A Seminar About Saving Lives and Property
Big Big Winds
Recent big tornadoes have dramatically demonstrated to the conventional home building industry in North America that the technology for building houses according to contemporary codes and construction practices does not adequately protect such houses against the forces generated by tornadoes.
The lessons learned — particularly at Tuscaloosa, Alabama; Joplin, Missouri; Moore, Oklahoma; and Illinois — are clearly delineated by the fact that not one single wood-framed house has survived in the direct path of EF4 and EF5 tornadoes. They have all indiscriminately been turned into kindling.
To get a feeling for the immense power of a tornado, the reader should watch two videos. One, a movie called Twister (1996) [http://www.imdb.com/title/tt0117998], while oriented to a fictitious love story, is exciting and does a good job of portraying the emotional consequences of big tornadoes. The other is a contemporary documentary produced by NOVA and shown on PBS television called Deadliest Tornadoes (2012) [http://video.pbs.org/video/2220853400]. Anyone contemplating building a new house or rebuilding in tornado-prone areas would be well served to view both of these videos. They are available for purchase on the Internet.
Tornadoes are far and away the biggest disasters of all ever to challenge home owners in North America. They can be four times more destructive than hurricanes or earthquakes. And yet the uncomplicated engineering and architecture required to build houses that are safe is essentially ignored.
It is not at all technically difficult to design and construct homes that will stand up to these monster winds. It has been effectively done for half a century, but not in North America. And they can be built for approximately the same cost as wood-framed houses.
Wikipedia provides an excellent discussion, excerpted here, of the various F and EF categories of tornadoes illustrated with photos of probable damage for each tornado classification. It is accessible at Wikipedia's Fujita scale page [http://en.wikipedia.org/wiki/Fujita_scale]. Photographs used in the EF scale table below show damage done by EF4 and EF5 tornadoes.
From Wikipedia, the free encyclopedia. [http://en.wikipedia.org/wiki/Fujita_scale]
The Fujita scale (F-Scale), or Fujita-Pearson scale, is a scale for rating tornado intensity, based primarily on the damage tornadoes inflict on human-built structures and vegetation. The official Fujita scale category is determined by meteorologists and engineers after a ground or aerial damage survey, or both; and depending on the circumstances, ground-swirl patterns (cycloidal marks), radar tracking, eyewitness testimonies, media reports and damage imagery, as well as photogrammetry or videogrammetry if motion picture recording is available. The F-Scale was replaced with the Enhanced Fujita Scale (EF-Scale) in the United States in February 2007.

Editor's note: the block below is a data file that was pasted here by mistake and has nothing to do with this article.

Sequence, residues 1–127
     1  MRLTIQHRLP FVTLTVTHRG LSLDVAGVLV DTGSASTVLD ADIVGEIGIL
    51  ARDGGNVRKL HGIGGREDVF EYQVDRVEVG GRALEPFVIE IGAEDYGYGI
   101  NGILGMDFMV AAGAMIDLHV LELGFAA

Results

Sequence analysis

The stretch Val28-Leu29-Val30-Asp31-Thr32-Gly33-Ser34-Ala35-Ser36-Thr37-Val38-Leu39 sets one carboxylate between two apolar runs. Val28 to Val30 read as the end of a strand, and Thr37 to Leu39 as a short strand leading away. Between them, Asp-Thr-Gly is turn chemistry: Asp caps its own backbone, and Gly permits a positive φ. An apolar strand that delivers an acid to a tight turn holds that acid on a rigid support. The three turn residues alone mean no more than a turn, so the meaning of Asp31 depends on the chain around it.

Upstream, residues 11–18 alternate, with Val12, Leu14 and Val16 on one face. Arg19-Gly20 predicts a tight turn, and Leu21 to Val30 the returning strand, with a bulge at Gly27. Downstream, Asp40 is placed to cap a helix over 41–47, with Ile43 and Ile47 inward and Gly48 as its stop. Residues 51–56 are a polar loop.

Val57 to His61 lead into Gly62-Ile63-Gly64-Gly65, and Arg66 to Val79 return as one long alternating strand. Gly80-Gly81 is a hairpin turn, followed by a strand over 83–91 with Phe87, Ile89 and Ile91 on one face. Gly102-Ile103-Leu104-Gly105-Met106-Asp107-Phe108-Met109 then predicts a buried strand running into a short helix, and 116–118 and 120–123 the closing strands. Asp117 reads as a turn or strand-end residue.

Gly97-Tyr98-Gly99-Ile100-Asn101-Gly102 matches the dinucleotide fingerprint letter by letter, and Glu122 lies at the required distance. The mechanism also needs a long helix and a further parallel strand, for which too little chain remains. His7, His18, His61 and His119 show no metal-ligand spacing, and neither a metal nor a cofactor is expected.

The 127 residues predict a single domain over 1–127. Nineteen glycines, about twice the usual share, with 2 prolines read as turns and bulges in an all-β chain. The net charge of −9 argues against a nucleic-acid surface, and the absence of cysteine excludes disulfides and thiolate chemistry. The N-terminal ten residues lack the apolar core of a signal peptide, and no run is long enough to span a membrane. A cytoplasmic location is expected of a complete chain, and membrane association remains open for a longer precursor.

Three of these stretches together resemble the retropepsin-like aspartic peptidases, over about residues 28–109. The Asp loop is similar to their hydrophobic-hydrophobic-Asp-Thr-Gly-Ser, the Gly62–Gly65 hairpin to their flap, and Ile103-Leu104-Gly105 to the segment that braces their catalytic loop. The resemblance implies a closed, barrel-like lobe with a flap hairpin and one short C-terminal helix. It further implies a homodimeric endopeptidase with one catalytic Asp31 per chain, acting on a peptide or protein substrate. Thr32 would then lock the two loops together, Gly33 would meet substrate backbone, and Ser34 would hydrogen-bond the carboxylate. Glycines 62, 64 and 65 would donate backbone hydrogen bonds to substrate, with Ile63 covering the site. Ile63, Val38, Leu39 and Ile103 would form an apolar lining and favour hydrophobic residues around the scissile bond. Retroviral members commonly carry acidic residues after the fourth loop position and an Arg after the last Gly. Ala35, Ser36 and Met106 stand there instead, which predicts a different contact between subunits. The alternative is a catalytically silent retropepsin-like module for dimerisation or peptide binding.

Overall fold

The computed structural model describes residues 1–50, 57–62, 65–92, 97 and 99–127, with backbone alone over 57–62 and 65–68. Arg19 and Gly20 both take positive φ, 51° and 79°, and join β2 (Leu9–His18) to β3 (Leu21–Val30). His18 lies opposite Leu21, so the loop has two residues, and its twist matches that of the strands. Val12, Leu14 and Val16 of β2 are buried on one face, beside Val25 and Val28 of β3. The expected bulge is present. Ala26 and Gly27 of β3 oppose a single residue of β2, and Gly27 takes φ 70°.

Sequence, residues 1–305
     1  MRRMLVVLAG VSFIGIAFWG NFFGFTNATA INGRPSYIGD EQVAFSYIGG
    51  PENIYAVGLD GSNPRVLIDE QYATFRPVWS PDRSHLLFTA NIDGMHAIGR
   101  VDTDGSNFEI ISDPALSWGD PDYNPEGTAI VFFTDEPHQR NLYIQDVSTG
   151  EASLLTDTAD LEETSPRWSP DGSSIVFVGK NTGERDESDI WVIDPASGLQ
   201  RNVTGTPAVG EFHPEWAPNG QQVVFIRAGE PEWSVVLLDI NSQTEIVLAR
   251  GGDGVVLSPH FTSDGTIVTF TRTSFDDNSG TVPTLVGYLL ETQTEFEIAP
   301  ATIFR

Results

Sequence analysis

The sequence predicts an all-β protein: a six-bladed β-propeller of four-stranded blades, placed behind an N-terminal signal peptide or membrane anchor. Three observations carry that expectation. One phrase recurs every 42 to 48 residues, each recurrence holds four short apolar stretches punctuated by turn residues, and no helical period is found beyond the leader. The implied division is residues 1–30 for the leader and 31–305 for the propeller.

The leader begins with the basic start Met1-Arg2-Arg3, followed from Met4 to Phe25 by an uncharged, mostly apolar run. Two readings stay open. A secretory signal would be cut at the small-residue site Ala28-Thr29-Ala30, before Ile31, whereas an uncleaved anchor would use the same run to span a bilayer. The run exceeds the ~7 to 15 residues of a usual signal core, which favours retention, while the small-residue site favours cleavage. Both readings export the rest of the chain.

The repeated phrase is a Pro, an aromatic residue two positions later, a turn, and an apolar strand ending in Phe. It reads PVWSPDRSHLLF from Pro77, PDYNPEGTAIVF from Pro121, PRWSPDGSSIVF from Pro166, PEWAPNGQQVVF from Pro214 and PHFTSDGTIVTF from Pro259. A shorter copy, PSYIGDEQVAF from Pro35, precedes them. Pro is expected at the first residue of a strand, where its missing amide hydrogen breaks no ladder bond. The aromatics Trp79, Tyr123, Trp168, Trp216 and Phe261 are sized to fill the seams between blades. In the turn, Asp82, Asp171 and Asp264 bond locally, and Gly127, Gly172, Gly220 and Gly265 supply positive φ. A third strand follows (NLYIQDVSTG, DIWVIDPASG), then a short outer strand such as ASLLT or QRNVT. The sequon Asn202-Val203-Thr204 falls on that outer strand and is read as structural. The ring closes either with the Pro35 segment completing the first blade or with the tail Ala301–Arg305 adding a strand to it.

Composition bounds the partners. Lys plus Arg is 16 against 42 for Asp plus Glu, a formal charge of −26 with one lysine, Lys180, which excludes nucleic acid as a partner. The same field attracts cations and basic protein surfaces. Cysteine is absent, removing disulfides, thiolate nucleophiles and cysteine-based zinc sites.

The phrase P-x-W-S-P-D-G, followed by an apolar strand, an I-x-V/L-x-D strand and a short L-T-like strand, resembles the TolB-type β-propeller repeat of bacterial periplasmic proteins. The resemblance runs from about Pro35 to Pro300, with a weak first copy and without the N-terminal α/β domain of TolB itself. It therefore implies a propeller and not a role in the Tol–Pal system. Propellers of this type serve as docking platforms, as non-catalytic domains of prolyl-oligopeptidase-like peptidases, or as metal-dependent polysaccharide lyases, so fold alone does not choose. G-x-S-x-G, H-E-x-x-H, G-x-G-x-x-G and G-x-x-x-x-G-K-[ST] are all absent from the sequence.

The scale was introduced in 1971 by Tetsuya Fujita of the University of Chicago, in collaboration with Allen Pearson, head of the National Severe Storms Forecast Center (currently the Storm Prediction Center). The scale was updated in 1973, taking into account path length and width. In the United States, starting in 1973, tornadoes were rated soon after occurrence. The Fujita scale was applied retroactively to tornadoes reported between 1950 and 1972 in the National Oceanic and Atmospheric Administration (NOAA) National Tornado Database. Fujita rated tornadoes from 1916-1992 and Tom Grazulis of The Tornado Project retroactively rated all known significant tornadoes (F2-F5 or causing a fatality) in the U.S. back to 1880.
In 2007, the Fujita scale was updated, and the Enhanced Fujita Scale was introduced in the United States. The new scale more accurately matches wind speeds to the severity of damage caused by the tornado.
Though each damage level is associated with a wind speed, the Fujita scale is effectively a damage scale, and the wind speeds associated with the damage listed aren't rigorously verified. The Enhanced Fujita Scale was formulated due to research which suggested that the wind speeds required to inflict damage by intense tornadoes on the Fujita scale are greatly overestimated. A process of expert elicitation with top engineers and meteorologists resulted in the EF scale wind speeds, however, these are biased to United States construction practices. The EF scale also improved damage parameter descriptions.